IDTechEx: Multi-motor Electric Vehicles but Not as We Know Them – $144 Billion Market
CAMBRIDGE, England--(BUSINESS WIRE)--By definition an electric vehicle has an electric motor to propel it along some (hybrid electric) or all of the time (pure electric). The IDTechEx report on electric motors has become a highly regarded reference book dealing with land, water and airborne electric vehicles so suppliers can see their total addressable market and users can identify best practice, wherever it first appears. This year the report “Electric Motors for Hybrid and Pure Electric Vehicles 2015-2025: Land, Water, Air” www.idtechex.com/emotors has been comprehensibly revised.
“Electric Motors for Hybrid and Pure Electric Vehicles 2015-2025: Land, Water, Air”
The IDTechEx numbers projections are detailed into 37 applicational categories. It finds that a $144 billion market awaits in 2025, boosted by 8.9 million extra motors for those multi-motor vehicles, most of them land vehicles - particularly cars - with industrial-commercial vehicles following close behind. Primary author Dr Peter Harrop notes, “Nevertheless, largest profit may be made in military and other segments. In some segments you are likely to be competing with your customer, in others less so.”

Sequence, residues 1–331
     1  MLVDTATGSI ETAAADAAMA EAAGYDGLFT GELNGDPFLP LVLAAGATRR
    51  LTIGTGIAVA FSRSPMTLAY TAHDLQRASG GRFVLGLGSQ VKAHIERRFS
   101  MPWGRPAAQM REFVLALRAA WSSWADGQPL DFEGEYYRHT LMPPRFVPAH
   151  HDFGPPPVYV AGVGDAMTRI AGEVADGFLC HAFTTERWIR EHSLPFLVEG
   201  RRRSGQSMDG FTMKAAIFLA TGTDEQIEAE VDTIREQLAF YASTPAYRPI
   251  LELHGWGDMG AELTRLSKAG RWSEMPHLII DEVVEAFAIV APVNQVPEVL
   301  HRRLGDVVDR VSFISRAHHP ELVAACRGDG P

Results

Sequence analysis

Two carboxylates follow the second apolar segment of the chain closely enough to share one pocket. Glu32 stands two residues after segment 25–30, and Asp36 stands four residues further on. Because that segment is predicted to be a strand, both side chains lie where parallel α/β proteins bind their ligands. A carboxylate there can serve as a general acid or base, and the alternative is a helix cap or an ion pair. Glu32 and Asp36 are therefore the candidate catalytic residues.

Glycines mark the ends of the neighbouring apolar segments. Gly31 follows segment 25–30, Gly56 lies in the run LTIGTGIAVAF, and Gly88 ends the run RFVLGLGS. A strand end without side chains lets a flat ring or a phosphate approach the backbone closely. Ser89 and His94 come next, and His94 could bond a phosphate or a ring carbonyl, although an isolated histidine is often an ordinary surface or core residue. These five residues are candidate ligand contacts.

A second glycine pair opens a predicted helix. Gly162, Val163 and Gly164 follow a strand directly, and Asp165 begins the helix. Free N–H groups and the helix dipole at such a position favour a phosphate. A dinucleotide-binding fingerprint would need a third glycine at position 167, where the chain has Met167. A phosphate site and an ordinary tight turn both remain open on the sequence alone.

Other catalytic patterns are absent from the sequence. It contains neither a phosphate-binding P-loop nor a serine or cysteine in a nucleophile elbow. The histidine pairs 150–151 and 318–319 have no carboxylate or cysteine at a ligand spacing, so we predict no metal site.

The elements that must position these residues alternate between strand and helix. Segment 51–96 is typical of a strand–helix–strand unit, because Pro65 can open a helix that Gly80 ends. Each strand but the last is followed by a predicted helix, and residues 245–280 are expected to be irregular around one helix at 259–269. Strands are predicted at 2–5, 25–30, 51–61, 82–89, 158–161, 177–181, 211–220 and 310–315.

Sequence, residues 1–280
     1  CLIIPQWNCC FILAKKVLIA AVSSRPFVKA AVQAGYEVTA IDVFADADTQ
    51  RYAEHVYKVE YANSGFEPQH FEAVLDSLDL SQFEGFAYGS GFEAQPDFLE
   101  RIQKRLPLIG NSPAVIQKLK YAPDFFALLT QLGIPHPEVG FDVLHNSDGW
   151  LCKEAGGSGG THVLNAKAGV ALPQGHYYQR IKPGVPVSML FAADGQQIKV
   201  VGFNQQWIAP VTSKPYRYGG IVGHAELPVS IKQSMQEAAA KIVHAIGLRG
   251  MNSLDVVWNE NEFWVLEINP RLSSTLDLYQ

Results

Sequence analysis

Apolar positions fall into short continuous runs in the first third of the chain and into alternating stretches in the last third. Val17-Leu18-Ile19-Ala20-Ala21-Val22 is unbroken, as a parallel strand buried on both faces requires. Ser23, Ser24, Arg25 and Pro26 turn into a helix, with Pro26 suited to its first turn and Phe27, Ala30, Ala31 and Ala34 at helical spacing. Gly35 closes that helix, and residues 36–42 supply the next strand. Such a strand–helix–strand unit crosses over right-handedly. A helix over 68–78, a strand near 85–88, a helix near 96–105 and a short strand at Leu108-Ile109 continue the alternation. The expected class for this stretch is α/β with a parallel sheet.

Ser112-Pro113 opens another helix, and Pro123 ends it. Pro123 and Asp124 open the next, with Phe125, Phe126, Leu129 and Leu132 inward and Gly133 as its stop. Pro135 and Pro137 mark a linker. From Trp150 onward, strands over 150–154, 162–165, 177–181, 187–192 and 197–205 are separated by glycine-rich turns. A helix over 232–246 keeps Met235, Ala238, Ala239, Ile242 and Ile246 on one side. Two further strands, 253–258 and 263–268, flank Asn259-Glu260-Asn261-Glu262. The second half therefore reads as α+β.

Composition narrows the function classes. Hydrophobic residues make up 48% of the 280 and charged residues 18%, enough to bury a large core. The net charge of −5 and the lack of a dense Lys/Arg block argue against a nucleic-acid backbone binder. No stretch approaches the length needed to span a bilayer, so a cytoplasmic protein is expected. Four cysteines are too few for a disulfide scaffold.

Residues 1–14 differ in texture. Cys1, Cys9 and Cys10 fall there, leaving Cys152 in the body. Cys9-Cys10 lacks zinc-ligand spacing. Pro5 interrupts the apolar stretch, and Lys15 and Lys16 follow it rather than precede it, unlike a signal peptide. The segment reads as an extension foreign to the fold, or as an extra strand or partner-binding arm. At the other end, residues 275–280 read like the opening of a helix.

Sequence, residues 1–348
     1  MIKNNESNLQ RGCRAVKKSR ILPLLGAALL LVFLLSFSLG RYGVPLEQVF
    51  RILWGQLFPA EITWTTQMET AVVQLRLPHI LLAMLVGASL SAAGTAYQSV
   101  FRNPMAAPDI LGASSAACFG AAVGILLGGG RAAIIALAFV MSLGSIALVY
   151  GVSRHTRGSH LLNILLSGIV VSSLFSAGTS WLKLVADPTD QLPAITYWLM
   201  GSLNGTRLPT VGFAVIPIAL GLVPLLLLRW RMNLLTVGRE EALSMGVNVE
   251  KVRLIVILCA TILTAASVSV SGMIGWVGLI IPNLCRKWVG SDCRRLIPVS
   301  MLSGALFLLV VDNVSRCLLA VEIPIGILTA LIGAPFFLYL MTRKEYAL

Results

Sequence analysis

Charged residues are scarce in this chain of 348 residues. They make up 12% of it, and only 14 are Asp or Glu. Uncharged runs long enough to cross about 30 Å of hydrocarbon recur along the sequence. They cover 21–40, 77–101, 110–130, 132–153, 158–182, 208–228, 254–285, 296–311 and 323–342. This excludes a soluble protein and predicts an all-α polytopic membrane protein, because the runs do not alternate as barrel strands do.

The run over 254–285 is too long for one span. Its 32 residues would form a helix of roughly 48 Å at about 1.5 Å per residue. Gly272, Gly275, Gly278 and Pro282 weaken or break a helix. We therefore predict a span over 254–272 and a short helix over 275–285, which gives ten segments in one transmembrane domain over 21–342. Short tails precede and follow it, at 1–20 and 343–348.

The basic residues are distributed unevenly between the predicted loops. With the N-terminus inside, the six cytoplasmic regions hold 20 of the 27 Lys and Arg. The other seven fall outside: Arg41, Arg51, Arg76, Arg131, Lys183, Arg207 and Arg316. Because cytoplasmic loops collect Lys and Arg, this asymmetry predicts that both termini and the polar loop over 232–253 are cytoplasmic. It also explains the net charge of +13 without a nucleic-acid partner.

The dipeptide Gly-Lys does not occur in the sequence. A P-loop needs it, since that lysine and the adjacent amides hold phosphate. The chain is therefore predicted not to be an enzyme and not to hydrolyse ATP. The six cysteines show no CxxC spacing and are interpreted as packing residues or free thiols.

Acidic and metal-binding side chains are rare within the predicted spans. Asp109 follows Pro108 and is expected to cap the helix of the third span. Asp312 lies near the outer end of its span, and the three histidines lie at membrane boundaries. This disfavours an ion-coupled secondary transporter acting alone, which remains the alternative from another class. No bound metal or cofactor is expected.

The report distils many new interviews and presents what is now a comparison of 157 electric traction motor suppliers, some of them the vehicle manufacturers themselves, out of what now may be 200 manufacturers - most of them doing the wrong thing. There are many surprises. Very small vehicle makers increasingly design their own superlative motors. Large companies increasingly integrate them with transmission or controls and simple gearing.
In-wheel motors are making progress from a very small base but two in-board motors now appear in a large number of vehicles. For example, the best-selling Toyota Prius has the generator double as a traction motor when extra power is needed, something done on other series- parallel powertrains. Some vehicles have two standard motors ganged together for extra power and IFEVS is succeeding with microcars that have four wheel-drive thanks to one forward axle motor and one at the rear. The need for redundancy and high power to weight ratio leads to 2-30 electric traction motors being seen on electric aircraft. Multi-motors are commonplace on military marine craft for redundancy and space saving.
A webinar highlighting key research from the report will be held twice on Wed, July 23, 2014 at 9:30am-10:15am BST and 5:00pm-5:45pm BST.
For more information about IDTechEx visit www.IDTechEx.com